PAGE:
The beloved social media music site Turntable.fm is making a surprise comeback nearly eight years after it was shut down in 2013. In fact, there are two new versions: The original Turntable.fm, recently resurrected by founder Billy Chasen, and the mobile-focused Turntable.org, created by several Turntable.fm alums.
While both services let users create personalized avatars and host or join online listening parties, they differ in their business models, features, and availability.
Turntable.fm retains the website’s original experience. It’s free to use, and you can create playlists from music available on YouTube. (SoundCloud, too, once that integration is active.) But there’s one critical catch. Turntable.fm is available now, but only for those who know the password.
You can request the password by submitting your email and your favorite song. If the song is “good,” you’ll get the password in an email. We have no idea what Turntable.fm considers a “good” song—otherwise, we’d offer suggestions to help your chances of getting in.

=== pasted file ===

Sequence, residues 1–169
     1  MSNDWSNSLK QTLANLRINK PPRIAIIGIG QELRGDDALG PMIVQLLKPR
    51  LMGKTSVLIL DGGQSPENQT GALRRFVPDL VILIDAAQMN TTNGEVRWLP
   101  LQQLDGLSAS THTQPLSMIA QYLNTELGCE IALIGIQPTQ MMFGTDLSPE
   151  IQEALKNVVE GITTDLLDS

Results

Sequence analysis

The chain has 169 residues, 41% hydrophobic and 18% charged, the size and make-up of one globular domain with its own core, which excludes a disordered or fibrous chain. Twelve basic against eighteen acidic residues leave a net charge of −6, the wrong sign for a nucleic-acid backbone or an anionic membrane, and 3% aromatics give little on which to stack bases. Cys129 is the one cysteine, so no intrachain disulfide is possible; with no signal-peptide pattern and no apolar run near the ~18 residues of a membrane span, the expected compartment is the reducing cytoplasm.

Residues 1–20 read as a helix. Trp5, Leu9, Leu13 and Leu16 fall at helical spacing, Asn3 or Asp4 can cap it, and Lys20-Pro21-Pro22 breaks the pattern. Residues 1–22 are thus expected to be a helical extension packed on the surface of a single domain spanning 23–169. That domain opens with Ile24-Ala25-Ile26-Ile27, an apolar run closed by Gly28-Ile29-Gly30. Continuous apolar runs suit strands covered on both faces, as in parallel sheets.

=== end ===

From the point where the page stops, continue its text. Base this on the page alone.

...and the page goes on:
I haven’t heard back about my application yet. (Hopefully whoever is handing out codes likes Sleep’s “Dopesmoker.”)
Unlike the free Turntable.fm, Turntable.org requires a subscription to use. While you can’t sign up for the service yet, there are also special reward packages available for purchase that will net you unique items and discounts for your subscription when Turntable.org goes live. The money goes towards the development costs.
Turntable.org’s other major difference is that users are able to upload and play their own MP3 tracks—they won’t be limited to music hosted on other websites. This will help independent artists host listening parties of their own music.
Join the beta
A Turntable.org beta launches in April. Interested users can sign up for the waitlist on the official website. There’s also a special sign-up form for artists who want to host digital shows through Turntable.org.